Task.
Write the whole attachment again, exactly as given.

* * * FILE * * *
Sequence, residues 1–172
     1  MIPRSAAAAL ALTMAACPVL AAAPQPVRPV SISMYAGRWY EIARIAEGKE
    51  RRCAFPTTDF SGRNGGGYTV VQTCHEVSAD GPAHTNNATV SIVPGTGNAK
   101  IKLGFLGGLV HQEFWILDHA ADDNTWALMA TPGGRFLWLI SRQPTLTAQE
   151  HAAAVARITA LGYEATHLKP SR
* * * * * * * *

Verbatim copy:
Sequence, residues 1–172
     1  MIPRSAAAAL ALTMAACPVL AAAPQPVRPV SISMYAGRWY EIARIAEGKE
    51  RRCAFPTTDF SGRNGGGYTV VQTCHEVSAD GPAHTNNATV SIVPGTGNAK
   101  IKLGFLGGLV HQEFWILDHA ADDNTWALMA TPGGRFLWLI SRQPTLTAQE
   151  HAAAVARITA LGYEATHLKP SR